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Native Son Farm Brings Community Supported Agriculture Program to Oxford

Madeline Yoste discusses community supported agriculture with a customer. (Photos by Anna McCollum)

Last month, Tupelo’s Native Son Farm planted community supported agriculture in Oxford.

CSA, as it’s commonly called, is a system in which customers pay at the start of a growing season and week by week receive a share of the harvest. It has given a taste of the 20-acre farm to people from all over the state, according to owners Will and Amanda Reed.

Local, organically grown produce

“We see a demand,” Will Reed said. “This year, we’ve had CSA shares in Tupelo, Starkville, Jackson and Meridian.”

It came as no surprise, then, when a group of Oxonians approached the Reeds about adding Oxford to that list.

“We didn’t necessarily set out to market our CSA in Oxford,” Reed said, “but it seemed like there was a core group that was interested in receiving shares.” According to Madeline Yoste, who began working for the farm this year, bringing CSA to Oxford just made sense.

“Having roots here in the city, it was just a no-brainer,” Yoste said. “We’ve got a lot of loyal customers — people that love our vegetables and are really excited.”

A welcome sign outside Native Son Farms

They are excited for good reason: Native Son offers local, organically grown produce. The farmers use no synthetic substances in the growing process, a method that earned the farm a Naturally Grown certification in 2011.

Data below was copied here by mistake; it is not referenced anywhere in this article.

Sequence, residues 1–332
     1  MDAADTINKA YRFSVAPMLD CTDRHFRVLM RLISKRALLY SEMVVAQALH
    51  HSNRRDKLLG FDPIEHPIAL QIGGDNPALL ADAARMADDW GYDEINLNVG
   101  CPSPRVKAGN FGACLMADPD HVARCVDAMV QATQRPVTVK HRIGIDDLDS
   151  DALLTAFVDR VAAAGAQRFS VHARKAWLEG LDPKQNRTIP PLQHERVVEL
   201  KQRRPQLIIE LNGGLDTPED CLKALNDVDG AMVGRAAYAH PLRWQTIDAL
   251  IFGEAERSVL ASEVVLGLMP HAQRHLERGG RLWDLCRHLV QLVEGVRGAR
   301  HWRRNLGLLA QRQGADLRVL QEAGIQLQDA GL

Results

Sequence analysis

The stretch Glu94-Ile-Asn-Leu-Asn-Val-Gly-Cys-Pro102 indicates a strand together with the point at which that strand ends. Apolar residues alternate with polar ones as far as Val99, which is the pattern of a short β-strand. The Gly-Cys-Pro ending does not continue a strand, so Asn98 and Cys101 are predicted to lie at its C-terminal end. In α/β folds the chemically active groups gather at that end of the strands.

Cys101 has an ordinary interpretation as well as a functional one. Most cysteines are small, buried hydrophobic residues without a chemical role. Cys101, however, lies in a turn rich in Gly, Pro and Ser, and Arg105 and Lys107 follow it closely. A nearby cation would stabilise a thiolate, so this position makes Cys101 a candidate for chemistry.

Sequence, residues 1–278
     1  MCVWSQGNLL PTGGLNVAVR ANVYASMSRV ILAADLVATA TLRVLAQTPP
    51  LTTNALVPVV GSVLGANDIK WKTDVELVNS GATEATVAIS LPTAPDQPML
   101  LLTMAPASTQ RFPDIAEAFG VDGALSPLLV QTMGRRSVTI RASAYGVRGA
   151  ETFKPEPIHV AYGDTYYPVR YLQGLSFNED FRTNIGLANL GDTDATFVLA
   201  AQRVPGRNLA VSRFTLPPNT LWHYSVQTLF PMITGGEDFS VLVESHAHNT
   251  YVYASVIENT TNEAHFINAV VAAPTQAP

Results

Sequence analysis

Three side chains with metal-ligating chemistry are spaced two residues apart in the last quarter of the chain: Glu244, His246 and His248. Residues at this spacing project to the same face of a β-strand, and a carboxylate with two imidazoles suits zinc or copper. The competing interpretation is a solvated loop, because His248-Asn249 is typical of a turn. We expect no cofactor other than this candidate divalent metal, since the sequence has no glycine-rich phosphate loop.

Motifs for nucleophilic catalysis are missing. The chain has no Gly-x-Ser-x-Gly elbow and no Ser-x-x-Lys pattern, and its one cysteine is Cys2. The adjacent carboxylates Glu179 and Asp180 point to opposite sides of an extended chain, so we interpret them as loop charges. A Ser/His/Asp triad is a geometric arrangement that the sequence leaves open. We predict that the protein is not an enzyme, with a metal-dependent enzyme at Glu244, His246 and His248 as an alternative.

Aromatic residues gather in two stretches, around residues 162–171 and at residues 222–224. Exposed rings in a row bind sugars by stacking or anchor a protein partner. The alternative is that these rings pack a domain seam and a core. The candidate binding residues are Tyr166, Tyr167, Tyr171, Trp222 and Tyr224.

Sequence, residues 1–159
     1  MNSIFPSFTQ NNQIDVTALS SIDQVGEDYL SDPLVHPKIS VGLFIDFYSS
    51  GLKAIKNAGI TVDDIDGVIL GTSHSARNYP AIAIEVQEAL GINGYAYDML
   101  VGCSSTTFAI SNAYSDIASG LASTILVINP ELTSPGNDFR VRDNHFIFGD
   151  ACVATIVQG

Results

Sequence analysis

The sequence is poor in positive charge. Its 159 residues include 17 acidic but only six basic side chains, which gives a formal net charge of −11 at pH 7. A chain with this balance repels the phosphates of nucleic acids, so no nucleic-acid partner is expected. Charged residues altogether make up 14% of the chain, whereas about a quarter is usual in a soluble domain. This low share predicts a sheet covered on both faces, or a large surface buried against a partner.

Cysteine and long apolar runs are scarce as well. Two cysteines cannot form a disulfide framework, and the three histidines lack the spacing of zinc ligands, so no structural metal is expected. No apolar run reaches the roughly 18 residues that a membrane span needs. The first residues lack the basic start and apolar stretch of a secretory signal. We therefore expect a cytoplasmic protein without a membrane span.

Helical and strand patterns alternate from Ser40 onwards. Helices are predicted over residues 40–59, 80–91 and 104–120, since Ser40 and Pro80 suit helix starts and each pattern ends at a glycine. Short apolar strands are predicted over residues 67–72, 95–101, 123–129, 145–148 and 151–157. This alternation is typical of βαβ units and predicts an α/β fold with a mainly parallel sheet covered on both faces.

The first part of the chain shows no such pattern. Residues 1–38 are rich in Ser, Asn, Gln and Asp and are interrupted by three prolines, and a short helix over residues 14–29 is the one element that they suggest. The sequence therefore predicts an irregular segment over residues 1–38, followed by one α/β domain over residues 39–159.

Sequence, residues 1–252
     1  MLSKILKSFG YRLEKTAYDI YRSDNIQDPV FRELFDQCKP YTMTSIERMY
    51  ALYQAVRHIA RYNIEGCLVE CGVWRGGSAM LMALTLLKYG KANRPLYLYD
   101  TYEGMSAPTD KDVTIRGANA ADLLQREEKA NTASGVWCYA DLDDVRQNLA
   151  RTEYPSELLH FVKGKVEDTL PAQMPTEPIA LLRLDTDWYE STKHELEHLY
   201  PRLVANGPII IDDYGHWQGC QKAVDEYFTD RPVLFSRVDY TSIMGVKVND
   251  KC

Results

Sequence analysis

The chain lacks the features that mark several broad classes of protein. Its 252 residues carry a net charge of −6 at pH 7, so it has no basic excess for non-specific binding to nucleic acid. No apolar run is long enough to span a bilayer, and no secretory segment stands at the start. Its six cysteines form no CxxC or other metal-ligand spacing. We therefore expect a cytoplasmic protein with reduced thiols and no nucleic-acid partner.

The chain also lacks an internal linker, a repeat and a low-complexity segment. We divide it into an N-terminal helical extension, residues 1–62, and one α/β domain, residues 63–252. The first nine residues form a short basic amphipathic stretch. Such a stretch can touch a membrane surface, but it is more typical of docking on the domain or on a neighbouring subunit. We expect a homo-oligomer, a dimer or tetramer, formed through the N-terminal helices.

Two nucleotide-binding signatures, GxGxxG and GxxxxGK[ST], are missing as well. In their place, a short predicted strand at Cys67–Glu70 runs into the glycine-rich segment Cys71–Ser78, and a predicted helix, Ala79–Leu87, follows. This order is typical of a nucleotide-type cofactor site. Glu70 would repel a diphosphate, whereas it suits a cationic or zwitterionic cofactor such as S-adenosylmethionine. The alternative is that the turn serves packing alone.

“There’s really no other product like what we are offering available in Mississippi,” Reed said. “I think there’s a big market of people who like to cook and like good food and don’t want pesticides on it.”

Elizabeth Speed is one of those people, and one of 18 names on Oxford’s CSA list. “It was a good price,” Speed said. “It’s an easy pick up for me, and I know that I’m getting locally grown, organic vegetables for my family.” Speed divides her share among two other families and still has plenty to feed the four in her household. She says that exposure to new vegetables is part of the appeal. “I don’t really buy some of the things that I get here, so I’ve been able to try some different vegetables. It’s fun for our family.”

Native Son Farm’s produce is dubbed “the freshest, most delicious and nutrient-dense food that you can put on your dinner table” by the farm’s website.

So, over the course of 12 weeks this fall, Speed and other CSA members will receive a mix of vegetables such as greens, turnips and tomatoes. But no matter what may be in the weekly share, it will always have been harvested only 24 to 48 hours before it goes home with a member. According to Reed, after the veggies are picked, they are washed and cooled, then transported on ice in an air-conditioned vehicle. They are delivered on Tuesdays to Oxford City Market, where Native Son is also a weekly vendor.

“We pride ourselves on the freshness of our produce,” said Reed. “A lot of stuff is picked the morning that the customers get it.” Aside from the convenience that CSA provides, the farm’s website says it’s committed to producing

“The freshest, most delicious and nutrient-dense food that you can put on your dinner table.” For Reed, whose farm is in its sixth year, that is the ultimate goal. “In Mississippi right now, we’re facing an unprecedented health crisis, and a lot of that is centered around poor nutrition,” he said. “We try to be really professional with our farm and put out an extremely high quality product.”

To learn more about Native Son Farm and CSA, visit their website at www.nativesonfarm.com

Anna McCollum is a senior print journalism major at the University of Mississippi. Email her at  aemccoll@go.olemiss.edu

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